dinner diary – lentil lasagne

I’ll admit it – I’m not the best at documenting my home cooked meals as I normally cook in a panic induced frenzy and by the time I dish out the final product S is halfway through consuming it by the time I even think about reaching for the camera.

This time though, I spent a nice leisurely afternoon doing so (procrastinating from the 6 uni assessments I have on hand).

The mission? Lentil Lasagne. Odd you make think, but I’ve always had a soft spot for vegetarian dishes…a throwback to the year in boarding school I spent as a vegetarian (trust me it’s a much safer option when dining in an institutional-like setting, let’s just say I once had an unfortunate encounter with a cow’s aorta in a beef pie that left me scarred for months to come).

Lentils are meaty and earthy grains which provide a wonderful (and healthier) substitute for beef mince. However, in the interests of well…taste…this recipe is not entirely vegetarian as there is the addition of bacon (which can just as easily be omitted).

The first step is whipping up the Lentil Ragu (akin to your traditional Lasagne’s bolognese sauce).


  • 1.5 cups dried puy lentils (green/brown lentils)
  • 4 slices bacon
  • Handful of sundried tomatoes
  • 2 x 400mL cans crushed tomatoes (I used Ardmona’s Spicy Italian Style Crushed tomatoes here as they were already flavoured with olives and chilli, if you use plain crushed tomatoes I would recommend adding a tablespoon of tomato paste to the recipe for tomatoey extra depth)
  • 1 glass red wine (be liberal if you wish!)
  • 400g mushrooms, diced
  • 1 brown onion, finely diced
  • 2 cloves crushed garlic
  • 1 large carrot, finely diced
  • 300-400mL stock of your choice (I used chicken stock as it was lying around in my fridge but substitute for vegetable if you are making this vegetarian obviously)
  • 3 bayleafs
  • 1 T Worcester Sauce

1. Fry the bacon in a large pot until the fat is rendered

2. Add in the lentils, onions, carrots, garlic and mushrooms and toss around in the bacon fat until soft (my arteries may not agree but it imparts a beautiful bacony flavour to the vegetables).

NB: It’s important to make sure that the vegetables are cut to a similar size so it can obtain the traditional ‘ragu’ consistency…

3. Once vegetables have softened, deglaze with the wine and leave to simmer off the alcohol.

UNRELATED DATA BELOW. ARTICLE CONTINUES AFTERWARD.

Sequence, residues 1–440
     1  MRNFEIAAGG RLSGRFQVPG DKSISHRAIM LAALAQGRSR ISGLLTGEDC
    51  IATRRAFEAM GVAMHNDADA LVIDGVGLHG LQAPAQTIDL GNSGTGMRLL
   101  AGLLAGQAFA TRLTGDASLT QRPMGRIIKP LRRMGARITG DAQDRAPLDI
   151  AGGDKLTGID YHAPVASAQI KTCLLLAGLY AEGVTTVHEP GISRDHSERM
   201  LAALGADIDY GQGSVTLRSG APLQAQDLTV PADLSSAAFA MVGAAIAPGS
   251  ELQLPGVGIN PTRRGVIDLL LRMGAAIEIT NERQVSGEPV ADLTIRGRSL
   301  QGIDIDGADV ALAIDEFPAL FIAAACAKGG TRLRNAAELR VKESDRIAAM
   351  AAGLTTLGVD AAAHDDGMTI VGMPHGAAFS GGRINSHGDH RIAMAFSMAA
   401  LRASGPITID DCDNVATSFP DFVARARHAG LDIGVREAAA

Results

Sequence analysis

4. Add in the remaining ingredients and bring to a boil. Once this is done, reduce and let simmer for around an hour, checking regularly and adding more liquid if needed.

5. Once cooked, remove off heat and cool.

While the ragu is cooling you can get to making your bechamel sauce. For this I put 1 litre of milk in a saucepan with a cinnamon stick, 4/5 cloves, 10 peppercorns, half a chopped onion and 2 bayleafs. Next, I brought it to the boil and then switched it off and left it to infuse for around 15 minutes. Then I strained mixture and set it aside.

In another pan (or the same), I melted 80grams of butter and added to this 1/3 cup of white flour. This will form a soft doughy mixture, do not be alarmed! Remove it from the heat and whisk in the infused milk until all lumps have dissipated. Put it back on the heat, add a pinch of nutmeg, season and bring to a boil whisking continuously. Once it is of the right consistency you may remove it from the heat and ponder about why you didn’t just purchase the ready-made bechamel sauce sitting next to the ready-made lasagne sheets you picked up at the supermarket.

Once you have gotten over thanking women’s liberation for making this chore an option and not a necessity, you may begin assembling the lasagne in the normal fashion. (I’m hardly going to bother boring you with the details on how to layer a lasagne…)

Bake at 180 degrees (160 degrees fan forced) for approximately 40 minutes and monsieur et madames…I present you le lasagne du lentils!

Pre Mortem

It was well received by S despite his initial reservations about lentils (they are very misunderstood little grains). The bacon and sundried tomatoes added a lovely flavour and it really did “taste like the real thing”.

As a certain Kazakhstani would say….Great Success!


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